Exercise not only makes the body feel good, but various kinds of physical training also enhance balance and agility, core strength and posture, and function and endurance. In addition to building stronger muscles, including the heart, and fortifying bones, working out engages the brain, making the individual more alert and responsive.
Importantly, too, those who regularly exercise benefit from a deeper, longer and more restful night of sleep, so they awake feeling more refreshed, better equipped to take on the day, and less inclined to trip up.
While many like to follow a simple routine that they enjoy, perhaps taking a daily walk, incorporating various types of conditioning delivers more than one important aspect of fitness.
Strength or resistance training, which fortifies muscles and builds bone mass to combat osteoporosis and frailty, is particularly important for older adults. Props include free-weights, exercise machines, and elastic bands, although some who are just starting out should begin with the motions first and later add the weights and bands.
Strength training proves most effective when performed two or three times per week on nonconsecutive days.
2. Balance exercises engage the mind and body as well. In addition to yoga and Tai
Chi, both of which promote balance, many professionally-designed guides (online,
on TV, and in print) offer ways for adults to practice and improve stability at home.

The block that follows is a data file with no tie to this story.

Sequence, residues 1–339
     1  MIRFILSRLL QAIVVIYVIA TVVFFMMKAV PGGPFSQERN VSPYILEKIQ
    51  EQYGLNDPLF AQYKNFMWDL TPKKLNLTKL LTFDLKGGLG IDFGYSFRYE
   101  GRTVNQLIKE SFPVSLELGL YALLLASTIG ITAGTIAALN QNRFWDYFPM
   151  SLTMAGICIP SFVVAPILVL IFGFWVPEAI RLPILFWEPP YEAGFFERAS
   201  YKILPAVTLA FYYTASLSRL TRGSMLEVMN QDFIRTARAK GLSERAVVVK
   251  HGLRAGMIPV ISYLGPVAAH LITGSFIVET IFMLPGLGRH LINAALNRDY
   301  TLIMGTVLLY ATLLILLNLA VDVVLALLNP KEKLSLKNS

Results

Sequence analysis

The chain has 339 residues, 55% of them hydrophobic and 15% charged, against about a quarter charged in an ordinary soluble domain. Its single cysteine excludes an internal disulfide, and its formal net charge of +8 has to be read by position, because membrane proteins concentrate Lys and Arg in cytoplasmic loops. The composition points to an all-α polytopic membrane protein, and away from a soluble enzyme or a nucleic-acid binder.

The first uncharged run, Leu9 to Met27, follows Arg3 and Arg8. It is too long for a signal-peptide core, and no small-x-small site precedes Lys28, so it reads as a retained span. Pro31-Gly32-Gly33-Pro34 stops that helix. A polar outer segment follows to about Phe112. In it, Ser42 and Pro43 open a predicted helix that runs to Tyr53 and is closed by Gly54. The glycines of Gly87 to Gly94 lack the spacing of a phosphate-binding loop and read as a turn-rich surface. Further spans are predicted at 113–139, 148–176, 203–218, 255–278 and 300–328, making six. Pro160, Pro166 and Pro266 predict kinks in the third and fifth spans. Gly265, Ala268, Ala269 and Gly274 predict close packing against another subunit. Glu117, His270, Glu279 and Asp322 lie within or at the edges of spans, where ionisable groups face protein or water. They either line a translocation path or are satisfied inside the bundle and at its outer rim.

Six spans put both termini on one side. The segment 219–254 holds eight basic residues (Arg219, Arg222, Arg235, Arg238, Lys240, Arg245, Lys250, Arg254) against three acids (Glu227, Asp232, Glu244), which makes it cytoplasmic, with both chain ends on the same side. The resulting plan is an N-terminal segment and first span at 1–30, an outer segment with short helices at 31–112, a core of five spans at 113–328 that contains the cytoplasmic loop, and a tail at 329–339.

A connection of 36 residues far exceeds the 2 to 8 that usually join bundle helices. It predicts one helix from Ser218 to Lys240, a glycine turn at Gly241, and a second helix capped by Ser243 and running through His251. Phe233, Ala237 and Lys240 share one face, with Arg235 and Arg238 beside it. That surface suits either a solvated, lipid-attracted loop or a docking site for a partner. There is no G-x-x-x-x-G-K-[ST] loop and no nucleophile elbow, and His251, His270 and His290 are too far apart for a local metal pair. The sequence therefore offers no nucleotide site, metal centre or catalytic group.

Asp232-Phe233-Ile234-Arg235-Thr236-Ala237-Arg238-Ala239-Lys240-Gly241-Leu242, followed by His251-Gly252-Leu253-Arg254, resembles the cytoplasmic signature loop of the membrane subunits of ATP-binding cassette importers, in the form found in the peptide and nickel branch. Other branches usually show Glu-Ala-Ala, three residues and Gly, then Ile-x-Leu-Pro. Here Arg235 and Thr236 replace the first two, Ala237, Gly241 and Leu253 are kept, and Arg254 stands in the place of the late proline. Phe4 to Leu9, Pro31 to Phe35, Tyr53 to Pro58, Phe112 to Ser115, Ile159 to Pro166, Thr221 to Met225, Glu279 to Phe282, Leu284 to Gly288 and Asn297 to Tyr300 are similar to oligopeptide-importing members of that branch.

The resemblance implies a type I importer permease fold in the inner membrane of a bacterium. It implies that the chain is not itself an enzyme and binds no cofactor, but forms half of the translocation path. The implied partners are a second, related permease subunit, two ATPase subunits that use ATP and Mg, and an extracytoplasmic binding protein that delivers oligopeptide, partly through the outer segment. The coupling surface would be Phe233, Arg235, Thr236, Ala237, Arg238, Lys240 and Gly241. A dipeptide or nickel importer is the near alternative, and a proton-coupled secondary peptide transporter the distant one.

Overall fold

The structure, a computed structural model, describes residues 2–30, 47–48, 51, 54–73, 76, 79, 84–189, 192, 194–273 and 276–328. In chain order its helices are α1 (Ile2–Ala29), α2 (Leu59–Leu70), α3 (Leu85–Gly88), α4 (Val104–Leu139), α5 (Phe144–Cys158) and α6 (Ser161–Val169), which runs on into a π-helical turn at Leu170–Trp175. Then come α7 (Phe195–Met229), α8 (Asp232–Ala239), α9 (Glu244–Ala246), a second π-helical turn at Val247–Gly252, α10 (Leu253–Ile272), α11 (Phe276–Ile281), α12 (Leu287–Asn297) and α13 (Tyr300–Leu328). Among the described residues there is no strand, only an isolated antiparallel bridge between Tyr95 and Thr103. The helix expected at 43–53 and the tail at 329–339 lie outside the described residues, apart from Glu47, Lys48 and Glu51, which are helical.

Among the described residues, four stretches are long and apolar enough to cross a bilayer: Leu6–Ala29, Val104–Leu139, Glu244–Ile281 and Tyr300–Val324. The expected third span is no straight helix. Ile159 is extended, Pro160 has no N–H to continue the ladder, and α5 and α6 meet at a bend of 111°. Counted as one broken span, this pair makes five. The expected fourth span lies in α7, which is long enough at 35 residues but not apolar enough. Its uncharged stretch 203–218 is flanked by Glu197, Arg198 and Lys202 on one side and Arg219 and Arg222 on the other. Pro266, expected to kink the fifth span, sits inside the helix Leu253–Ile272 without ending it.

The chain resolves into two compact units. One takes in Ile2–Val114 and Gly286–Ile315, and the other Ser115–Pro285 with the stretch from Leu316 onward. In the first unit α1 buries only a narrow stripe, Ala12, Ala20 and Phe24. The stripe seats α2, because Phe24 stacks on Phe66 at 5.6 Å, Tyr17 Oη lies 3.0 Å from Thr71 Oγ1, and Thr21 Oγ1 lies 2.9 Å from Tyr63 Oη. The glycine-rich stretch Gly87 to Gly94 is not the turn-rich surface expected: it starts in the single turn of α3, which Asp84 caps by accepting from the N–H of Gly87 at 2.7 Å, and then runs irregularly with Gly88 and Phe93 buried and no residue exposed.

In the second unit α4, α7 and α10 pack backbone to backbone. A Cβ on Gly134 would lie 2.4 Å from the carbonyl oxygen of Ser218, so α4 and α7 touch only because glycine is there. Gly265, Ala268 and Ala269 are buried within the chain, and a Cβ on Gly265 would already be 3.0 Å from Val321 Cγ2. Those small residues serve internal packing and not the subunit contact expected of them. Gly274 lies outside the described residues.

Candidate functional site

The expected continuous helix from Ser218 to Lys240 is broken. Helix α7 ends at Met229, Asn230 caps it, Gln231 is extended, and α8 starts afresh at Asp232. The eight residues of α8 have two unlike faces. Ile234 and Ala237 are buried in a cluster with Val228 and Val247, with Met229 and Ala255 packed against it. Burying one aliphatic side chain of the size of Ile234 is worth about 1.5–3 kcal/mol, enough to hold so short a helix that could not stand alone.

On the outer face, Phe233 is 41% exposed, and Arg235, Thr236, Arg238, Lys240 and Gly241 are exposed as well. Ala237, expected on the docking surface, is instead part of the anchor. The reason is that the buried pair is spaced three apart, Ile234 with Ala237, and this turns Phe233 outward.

One example is to stand, holding onto a stable chair, and raise one leg for one minute. Next, repeat the movement with the other leg. Gradually increase your time of standing on one leg, and strive to do so without holding onto the support. Another goal is to balance with one’s eyes closed.
3. Low-impact exercises, such as walking, biking, swimming, and dancing, in addition
to yoga, Pilates, and Tai Chi, improve cardio health, flexibility and endurance
without stressing the joints.
Warming up is essential, even before embarking on a low-impact workout. A toe stand exercise, for instance, strengthens and preps the calves and muscles before a breezy stroll in the park:
Standing with feet shoulder-width apart and using a chair or counter for balance, count to four as you slowly push onto the balls of your feet. Stay on your toes for two to four seconds. After, return to your heels on a count of four.
4. All should make a point of stretching daily, and certainly before and after strength
training. Whether it’s ten minutes while seated in a chair or part of a more
comprehensive floor routine, stretching should create tension but not pain. Do not
hold a position that is painful.
Of course, make sure that you are medically approved for the exercises you’ve chosen and that you are not at risk of falling or otherwise injuring yourself while alone.
Keep in mind, too, that working with a qualified instructor, at least when starting out, provides assurance that you’re using the right weights in the proper stance or entering yoga positions correctly. Professional personal trainers and class instructors further assist in developing routines for optimal benefits. Best of all, exercising with others grants wonderful social benefits—friendship and fun, as well as encouragement and accountability!
Please feel free to contact Menders for more information about activities to improve and maintain your mobility, stability, strength and independence.